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Plasma levels of adipocytokines leptin and adiponectin, and number of                            CD34+ progenitor cells in Alzheimer's disease                        (AD).(A) AD patients showed significantly lower plasma leptin levels compared with                        healthy controls (P = 0.038). (B) Plasma levels of                        adiponectin did not show any significant differences between AD patients and                        healthy controls (P = 0.641). (C) Number of                            CD34+ progenitor cells [mean absolute cell                        count] was significantly upregulated in patients with AD compared to                        control (P = 0.02). (D) Plasma levels of leptin                        inversely correlated with the number of CD34+ progenitor                        cells (r = −0.248;                        P = 0.037).
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pone-0020286-g001: Plasma levels of adipocytokines leptin and adiponectin, and number of CD34+ progenitor cells in Alzheimer's disease (AD).(A) AD patients showed significantly lower plasma leptin levels compared with healthy controls (P = 0.038). (B) Plasma levels of adiponectin did not show any significant differences between AD patients and healthy controls (P = 0.641). (C) Number of CD34+ progenitor cells [mean absolute cell count] was significantly upregulated in patients with AD compared to control (P = 0.02). (D) Plasma levels of leptin inversely correlated with the number of CD34+ progenitor cells (r = −0.248; P = 0.037).

Mentions: We found significantly lower plasma levels of leptin in AD patients compared with healthy controls (Fig. 1A), whereas plasma levels of adiponectin did not show any significant differences (AD vs. control (mean±SD): leptin: 8.9±5.6 ng/mL vs. 16.3±15.5 ng/mL; P = 0.038; adiponectin: 18.5±18.1 µg/mL vs. 16.7±8.9 µg/mL; P = 0.641) (Fig. 1B). However, plasma levels of both adipocytokines significantly correlated with each other (r = 0.402; P = 0.001) in the combined sample pool of AD patients and controls.


Adipocytokines and CD34 progenitor cells in Alzheimer's disease.

Bigalke B, Schreitmüller B, Sopova K, Paul A, Stransky E, Gawaz M, Stellos K, Laske C - PLoS ONE (2011)

Plasma levels of adipocytokines leptin and adiponectin, and number of                            CD34+ progenitor cells in Alzheimer's disease                        (AD).(A) AD patients showed significantly lower plasma leptin levels compared with                        healthy controls (P = 0.038). (B) Plasma levels of                        adiponectin did not show any significant differences between AD patients and                        healthy controls (P = 0.641). (C) Number of                            CD34+ progenitor cells [mean absolute cell                        count] was significantly upregulated in patients with AD compared to                        control (P = 0.02). (D) Plasma levels of leptin                        inversely correlated with the number of CD34+ progenitor                        cells (r = −0.248;                        P = 0.037).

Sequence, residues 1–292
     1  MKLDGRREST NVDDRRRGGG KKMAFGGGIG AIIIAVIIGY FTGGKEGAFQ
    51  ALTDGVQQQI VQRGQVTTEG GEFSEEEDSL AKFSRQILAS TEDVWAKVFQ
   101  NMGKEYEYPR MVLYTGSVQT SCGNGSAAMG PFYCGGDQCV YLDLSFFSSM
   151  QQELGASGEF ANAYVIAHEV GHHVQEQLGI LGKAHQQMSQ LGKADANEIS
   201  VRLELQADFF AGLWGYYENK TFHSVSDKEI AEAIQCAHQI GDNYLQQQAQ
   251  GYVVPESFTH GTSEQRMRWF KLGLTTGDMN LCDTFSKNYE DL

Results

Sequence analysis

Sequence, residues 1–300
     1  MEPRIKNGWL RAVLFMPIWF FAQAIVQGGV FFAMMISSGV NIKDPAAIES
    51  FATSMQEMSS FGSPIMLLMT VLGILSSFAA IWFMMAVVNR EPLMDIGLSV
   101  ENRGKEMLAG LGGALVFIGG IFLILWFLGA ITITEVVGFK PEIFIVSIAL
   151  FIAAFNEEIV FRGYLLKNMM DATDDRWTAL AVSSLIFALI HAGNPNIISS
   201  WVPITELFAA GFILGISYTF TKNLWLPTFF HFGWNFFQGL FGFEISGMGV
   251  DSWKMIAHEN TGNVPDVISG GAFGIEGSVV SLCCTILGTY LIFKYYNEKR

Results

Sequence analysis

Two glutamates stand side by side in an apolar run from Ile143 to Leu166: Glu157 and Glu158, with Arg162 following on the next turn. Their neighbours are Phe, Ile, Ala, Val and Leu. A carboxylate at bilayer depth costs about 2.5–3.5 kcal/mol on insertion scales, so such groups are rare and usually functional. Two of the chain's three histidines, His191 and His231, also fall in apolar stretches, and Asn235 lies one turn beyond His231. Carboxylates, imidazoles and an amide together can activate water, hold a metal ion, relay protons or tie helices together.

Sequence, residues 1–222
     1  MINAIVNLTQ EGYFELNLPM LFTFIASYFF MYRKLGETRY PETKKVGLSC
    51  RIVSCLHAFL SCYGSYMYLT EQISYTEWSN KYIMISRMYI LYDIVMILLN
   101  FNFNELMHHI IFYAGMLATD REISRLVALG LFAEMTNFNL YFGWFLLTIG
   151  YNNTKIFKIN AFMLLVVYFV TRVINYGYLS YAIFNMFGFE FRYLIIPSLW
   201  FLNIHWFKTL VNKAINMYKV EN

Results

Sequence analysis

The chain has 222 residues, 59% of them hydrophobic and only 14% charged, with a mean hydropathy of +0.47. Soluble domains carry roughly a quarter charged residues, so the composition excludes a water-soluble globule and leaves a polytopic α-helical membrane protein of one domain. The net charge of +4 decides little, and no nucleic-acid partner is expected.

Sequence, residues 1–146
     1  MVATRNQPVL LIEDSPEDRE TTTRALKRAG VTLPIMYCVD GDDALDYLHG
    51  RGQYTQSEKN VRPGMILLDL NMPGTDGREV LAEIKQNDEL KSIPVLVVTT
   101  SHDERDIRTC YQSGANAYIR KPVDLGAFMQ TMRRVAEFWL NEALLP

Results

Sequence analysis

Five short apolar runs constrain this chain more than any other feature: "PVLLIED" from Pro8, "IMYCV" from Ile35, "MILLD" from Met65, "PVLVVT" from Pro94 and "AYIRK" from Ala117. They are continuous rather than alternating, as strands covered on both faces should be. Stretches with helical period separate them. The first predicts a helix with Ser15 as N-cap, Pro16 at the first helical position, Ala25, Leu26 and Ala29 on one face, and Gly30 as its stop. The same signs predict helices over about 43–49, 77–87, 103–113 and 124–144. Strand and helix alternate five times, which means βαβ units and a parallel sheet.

© Copyright Policy
Related In: Results  -  Collection

Show All Figures
getmorefigures.php?uid=PMC3102092&req=5

pone-0020286-g001: Plasma levels of adipocytokines leptin and adiponectin, and number of CD34+ progenitor cells in Alzheimer's disease (AD).(A) AD patients showed significantly lower plasma leptin levels compared with healthy controls (P = 0.038). (B) Plasma levels of adiponectin did not show any significant differences between AD patients and healthy controls (P = 0.641). (C) Number of CD34+ progenitor cells [mean absolute cell count] was significantly upregulated in patients with AD compared to control (P = 0.02). (D) Plasma levels of leptin inversely correlated with the number of CD34+ progenitor cells (r = −0.248; P = 0.037).